Precisely! But of course non-symetrical comparisons are far more interesting and thought-provoking than symetrical comparisons. If I wrote a piece about how finding good point guards in the NBA was a lot like finding good quarterbacks in the NFL, the comparison would be exact. And as a result, it would be relatively useless. What new light does the addition of a second, identical example shed on the first?

Link to the New Yorker piece:

teach your babies to spell, part 2: spelling a word helps you learn its meaning

Teaching children how to spell new vocabulary words helps them learn the meaning of the word:
In summary, the results of both experiments yield several important findings. Elementary school students learned and remembered the pronunciations and meanings of new vocabulary words better when they were exposed to written forms of the words during study periods than when they only heard and repeated the words.

note: Fluenz is based on this principle. Using Fluenz, you never hear a word without also seeing -- and practicing -- how to spell and type it.

good readers versus poor readers
Higher level readers outperformed lower level readers, and the advantage provided by seeing written words over not seeing written words was much greater among higher readers than among lower readers.

Bear this in mind: strong readers learn from print.
The present findings show the importance of students’ acquisition of strong orthographic knowledge to benefit vocabulary learning. Fifth graders with better orthographic knowledge outperformed those with weaker knowledge on the training measures as well as on the posttests. Most impressive were the increasingly large gains over trials that higher level readers made when the pronunciations of words were learned with spellings compared to the gains made with no spellings and compared to the gains made by lower level readers (see Figure 2). The fact that higher level readers showed a much steeper slope in learning the pronunciations of words with spelling aids than lower level readers suggests a Matthew effect (Stanovich, 1986), with the rich getting richer in expressive vocabulary during the course of learning as a result of superior orthographic knowledge.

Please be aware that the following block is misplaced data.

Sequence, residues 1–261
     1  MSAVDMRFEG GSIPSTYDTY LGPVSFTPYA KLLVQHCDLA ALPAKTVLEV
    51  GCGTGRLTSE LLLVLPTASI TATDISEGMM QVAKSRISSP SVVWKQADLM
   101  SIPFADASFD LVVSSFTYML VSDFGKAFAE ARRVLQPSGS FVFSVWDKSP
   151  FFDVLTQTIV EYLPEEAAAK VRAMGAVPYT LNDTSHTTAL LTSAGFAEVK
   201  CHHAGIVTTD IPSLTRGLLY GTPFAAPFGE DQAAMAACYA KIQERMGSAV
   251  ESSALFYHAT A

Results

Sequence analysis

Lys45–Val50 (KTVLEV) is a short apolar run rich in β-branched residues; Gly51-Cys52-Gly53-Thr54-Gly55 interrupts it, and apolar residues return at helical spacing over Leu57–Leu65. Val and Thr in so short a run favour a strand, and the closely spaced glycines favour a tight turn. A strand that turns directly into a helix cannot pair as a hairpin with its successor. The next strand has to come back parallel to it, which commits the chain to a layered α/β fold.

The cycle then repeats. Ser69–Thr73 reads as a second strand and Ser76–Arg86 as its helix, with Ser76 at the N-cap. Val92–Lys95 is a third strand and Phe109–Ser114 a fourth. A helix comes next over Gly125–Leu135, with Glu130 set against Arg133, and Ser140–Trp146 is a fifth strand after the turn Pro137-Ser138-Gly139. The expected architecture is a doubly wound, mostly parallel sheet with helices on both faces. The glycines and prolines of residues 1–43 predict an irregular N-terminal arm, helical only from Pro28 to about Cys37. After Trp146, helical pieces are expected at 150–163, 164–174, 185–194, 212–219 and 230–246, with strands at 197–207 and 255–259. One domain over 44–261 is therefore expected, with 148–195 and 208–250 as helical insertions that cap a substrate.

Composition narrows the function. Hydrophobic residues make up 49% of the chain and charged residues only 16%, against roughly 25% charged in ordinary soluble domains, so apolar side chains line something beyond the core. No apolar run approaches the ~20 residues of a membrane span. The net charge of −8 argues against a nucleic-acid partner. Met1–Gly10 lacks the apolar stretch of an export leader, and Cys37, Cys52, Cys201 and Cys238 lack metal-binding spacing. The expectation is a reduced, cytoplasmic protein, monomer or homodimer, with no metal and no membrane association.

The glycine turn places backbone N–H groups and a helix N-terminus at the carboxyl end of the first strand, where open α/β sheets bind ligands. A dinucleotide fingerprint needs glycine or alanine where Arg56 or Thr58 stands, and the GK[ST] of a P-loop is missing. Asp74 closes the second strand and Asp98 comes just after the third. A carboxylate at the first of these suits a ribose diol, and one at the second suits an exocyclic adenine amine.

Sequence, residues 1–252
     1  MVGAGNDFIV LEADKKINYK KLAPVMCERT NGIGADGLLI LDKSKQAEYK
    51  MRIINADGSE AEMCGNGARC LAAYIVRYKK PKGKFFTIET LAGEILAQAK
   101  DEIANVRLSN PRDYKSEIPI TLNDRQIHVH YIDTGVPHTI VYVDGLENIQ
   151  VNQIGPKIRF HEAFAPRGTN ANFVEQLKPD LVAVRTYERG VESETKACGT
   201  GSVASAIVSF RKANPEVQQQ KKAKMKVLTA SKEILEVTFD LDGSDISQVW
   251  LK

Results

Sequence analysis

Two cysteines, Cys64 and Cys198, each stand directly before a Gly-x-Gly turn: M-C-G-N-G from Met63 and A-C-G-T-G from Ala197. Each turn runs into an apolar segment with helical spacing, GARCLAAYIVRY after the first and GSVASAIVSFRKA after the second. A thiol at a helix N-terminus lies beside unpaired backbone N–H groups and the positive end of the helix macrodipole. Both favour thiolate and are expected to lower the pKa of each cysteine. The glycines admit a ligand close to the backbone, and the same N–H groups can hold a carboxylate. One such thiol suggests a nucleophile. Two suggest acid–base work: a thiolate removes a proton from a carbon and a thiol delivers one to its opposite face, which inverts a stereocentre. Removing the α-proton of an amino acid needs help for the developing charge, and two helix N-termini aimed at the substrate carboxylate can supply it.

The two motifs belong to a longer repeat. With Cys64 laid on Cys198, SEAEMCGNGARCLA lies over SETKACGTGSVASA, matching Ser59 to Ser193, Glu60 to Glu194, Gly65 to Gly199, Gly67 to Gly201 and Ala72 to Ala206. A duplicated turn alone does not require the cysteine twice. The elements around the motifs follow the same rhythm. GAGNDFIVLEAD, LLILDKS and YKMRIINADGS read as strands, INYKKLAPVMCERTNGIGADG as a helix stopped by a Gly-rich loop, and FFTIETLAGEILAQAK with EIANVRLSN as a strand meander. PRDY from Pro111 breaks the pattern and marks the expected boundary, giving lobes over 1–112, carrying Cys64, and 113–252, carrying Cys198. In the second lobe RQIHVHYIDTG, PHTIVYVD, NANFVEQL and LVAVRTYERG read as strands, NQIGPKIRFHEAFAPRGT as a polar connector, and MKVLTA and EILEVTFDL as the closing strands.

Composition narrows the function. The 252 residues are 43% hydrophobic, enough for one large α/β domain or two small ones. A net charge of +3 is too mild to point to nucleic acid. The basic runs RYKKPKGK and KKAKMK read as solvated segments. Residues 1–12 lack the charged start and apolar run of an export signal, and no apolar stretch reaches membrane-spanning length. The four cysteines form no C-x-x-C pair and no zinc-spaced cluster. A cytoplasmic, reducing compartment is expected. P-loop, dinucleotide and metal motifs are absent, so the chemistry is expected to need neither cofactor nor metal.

If you are lucky enough to have a child who is a strong reader, this may be a problem because attention to the written word appears to be ebbing in public schools. Here in my own district, $25K per pupil funding, posters reign supreme. Posters in Spanish, posters in math, posters in Honors English at the high school. So many posters! The "kick-off" for the new Strategic Plan, which includes environmental stewardship as a character ed goal, is -- you guessed it -- a call for posters. About the environment.

So few books are assigned that the PTSA has filed an official proposal with the administration and school board asking that district schools require students to read good books and plenty of them. The administration responded at once with a plan to have the AP Photography class take staged photographs of teachers reading books, which will be posted throughout the halls of the high school. Some photos will be "authentic," meaning teachers will be captured reading books they are actually reading in real life; others will have a humorous slant, which apparently means they'll be reading books they aren't reading in real life. (Shakespeare? The Bible? The telephone directory?)

Parents are going to have to put together their own afterschool reading programs, I fear.

the NCTM on 21st century literacy
In the 1990s, the National Council of Teachers of English and the International Reading Association established national standards for English language arts learners that anticipated the more sophisticated literacy skills and abilities required for full participation in a global, 21st century community. The selected standards, listed in the appendix, served as a clarion call for changes underway today in literacy education.